Perfect Sound Forever


Willie Eason, St. Petersburg, FL, 1998
Credit: Copyright 1998 Robert L. Stone

"Praise Him With Stringed Instruments"
by Calpin Hoffman-Williamson, NYU '07
(June 2008)

Despite Arhoolie's 1997 release of Sacred Steel: Traditional Sacred African-American Steel Guitar Music in Florida and the recent rise to name recognition of Robert Randolph, most people still associate the term "Sacred Steel" with images of Arthurian knights rather than the gospel jam sessions driven by lap-steel guitar that gave meaning to the term. That the first definitive recording of this gospel subgenre came out of the blue sixty years after the music's original conception is a testament to the extent to which a spiritual tradition and its founders have been has been overlooked.

As mythical as its name sounds, Sacred Steel designates a specific style of music made in a specific place. It is gospel music that features expressive lap steel playing found most predominantly in the Keith and Jewell Dominion sects of Florida's Pentecostal House of God churches. According to oral history, the form was created in Philadelphia IN around the mid 1930s by two brothers, Troman and Willie Eason. Interested in the slide techniques popularized by the Hawaiian music craze of the 1920's and 1930's, the older brother, Troman, took guitar lessons from Jack Kahanalopua, a local Hawaiian lap steel musician. Soon after, Troman began to apply the influence techniques he'd learned as a lap steel player in his local church. In 1938, after he'd honed his chops, Troman was asked to join Bishop J. R. Lockely's Gospel Feast Party, a traveling gospel troupe. During his tours he spread his spiritual Hawaiian playing to southern Florida's Keith Dominion House of God churches. As the lap steel gained popularity within these congregations, younger brother Willie took the role of the lap steel to an essential next level. Where Troman played in a what annotator Hubert Dupree calls a "straight Hawaiian style, Willie who never had lessons, imitated African American singing with his instrument." It was Willie's smoothly erratic single-string slurs and driving gospel-piano chords that elevated the energy, tradition, and tone of his brother's approach to a plane of utter irresistibility within the church. Soon replacing Troman in the Gospel Feast Party, Willie made the lap steel and specifically his playing style a staple within House of God services.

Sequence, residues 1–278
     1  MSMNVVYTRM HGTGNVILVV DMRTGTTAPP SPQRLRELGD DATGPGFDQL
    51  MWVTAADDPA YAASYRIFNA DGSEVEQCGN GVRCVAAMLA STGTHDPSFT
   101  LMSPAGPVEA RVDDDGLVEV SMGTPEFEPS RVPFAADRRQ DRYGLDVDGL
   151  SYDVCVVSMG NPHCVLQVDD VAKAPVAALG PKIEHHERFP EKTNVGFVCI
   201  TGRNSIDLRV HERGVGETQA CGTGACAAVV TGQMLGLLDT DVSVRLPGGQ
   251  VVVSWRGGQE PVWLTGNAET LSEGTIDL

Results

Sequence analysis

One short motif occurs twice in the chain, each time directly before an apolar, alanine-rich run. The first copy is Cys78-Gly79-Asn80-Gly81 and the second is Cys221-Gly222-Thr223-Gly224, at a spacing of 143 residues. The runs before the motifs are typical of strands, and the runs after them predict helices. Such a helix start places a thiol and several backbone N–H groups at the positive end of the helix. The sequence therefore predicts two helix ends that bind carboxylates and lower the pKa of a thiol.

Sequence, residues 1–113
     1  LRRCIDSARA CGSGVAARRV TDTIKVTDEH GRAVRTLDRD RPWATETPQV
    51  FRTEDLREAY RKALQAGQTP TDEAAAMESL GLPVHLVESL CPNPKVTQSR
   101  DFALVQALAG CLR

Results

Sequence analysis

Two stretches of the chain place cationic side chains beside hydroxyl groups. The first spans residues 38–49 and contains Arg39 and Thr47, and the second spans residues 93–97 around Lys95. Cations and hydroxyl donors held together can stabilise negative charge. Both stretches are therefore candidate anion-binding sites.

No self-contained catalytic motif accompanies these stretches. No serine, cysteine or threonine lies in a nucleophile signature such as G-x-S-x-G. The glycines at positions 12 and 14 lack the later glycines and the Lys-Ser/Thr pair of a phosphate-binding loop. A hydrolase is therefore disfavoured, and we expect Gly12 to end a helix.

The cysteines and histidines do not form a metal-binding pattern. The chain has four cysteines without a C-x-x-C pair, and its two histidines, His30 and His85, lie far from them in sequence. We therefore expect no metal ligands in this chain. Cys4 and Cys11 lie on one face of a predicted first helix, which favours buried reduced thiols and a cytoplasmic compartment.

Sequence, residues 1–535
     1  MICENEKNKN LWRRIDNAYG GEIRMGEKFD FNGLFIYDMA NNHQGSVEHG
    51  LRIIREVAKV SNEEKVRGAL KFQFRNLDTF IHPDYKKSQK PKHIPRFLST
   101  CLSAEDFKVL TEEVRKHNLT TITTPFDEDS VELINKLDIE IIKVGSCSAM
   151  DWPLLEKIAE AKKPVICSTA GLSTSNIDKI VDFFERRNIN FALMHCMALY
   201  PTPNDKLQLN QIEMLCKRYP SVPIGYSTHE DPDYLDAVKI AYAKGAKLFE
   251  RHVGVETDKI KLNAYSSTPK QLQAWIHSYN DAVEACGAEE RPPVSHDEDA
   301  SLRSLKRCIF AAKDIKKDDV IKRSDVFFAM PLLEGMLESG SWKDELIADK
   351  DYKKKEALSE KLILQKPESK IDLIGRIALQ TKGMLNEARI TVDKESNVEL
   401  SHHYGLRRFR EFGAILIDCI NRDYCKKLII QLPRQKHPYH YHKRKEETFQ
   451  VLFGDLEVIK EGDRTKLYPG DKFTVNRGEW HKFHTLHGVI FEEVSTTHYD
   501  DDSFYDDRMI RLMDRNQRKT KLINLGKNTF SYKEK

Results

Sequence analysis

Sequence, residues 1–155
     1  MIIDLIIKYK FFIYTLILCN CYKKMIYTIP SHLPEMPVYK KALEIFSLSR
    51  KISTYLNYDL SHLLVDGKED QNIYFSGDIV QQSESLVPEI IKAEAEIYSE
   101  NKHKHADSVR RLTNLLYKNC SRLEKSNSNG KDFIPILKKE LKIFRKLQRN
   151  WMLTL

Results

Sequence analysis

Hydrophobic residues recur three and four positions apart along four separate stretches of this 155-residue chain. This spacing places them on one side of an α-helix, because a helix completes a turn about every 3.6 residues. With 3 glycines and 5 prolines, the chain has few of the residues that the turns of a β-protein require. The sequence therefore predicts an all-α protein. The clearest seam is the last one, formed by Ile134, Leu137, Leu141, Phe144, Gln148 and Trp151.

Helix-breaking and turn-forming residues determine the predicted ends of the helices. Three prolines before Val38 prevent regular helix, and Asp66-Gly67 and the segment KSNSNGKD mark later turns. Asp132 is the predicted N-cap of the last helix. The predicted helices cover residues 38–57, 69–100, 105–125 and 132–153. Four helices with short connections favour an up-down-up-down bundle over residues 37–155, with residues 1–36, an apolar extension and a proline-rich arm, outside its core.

Willie Eason is truly the backbone of the sacred steel. All those that came immediately after the jazzier Lorenzo Harrison, popular in the Jewel Dominion sect, Henry Nelson with his subdued spoken tones, or Aubrey Ghent with his keen sense of vibrato and pitch, although valuable in their innovations, voicings, and ability to keep the tradition alive, are in essence building off of the techniques Eason created and solidified through his highly dynamic style, which Geoffrey Himes called "talking guitar." As Himes makes clear, Eason "pretty much invented a whole new style for the instrument."